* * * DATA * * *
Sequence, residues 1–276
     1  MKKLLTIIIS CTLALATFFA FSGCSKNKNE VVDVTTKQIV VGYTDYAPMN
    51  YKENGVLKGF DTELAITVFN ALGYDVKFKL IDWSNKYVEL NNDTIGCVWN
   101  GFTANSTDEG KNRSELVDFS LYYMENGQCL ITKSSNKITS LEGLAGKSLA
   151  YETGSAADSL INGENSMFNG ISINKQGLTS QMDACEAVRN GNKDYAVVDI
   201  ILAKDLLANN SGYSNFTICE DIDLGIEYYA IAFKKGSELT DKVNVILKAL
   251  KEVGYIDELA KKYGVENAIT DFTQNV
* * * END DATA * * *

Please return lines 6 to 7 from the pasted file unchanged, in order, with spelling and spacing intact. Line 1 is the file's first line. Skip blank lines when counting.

   201  ILAKDLLANN SGYSNFTICE DIDLGIEYYA IAFKKGSELT DKVNVILKAL
   251  KEVGYIDELA KKYGVENAIT DFTQNV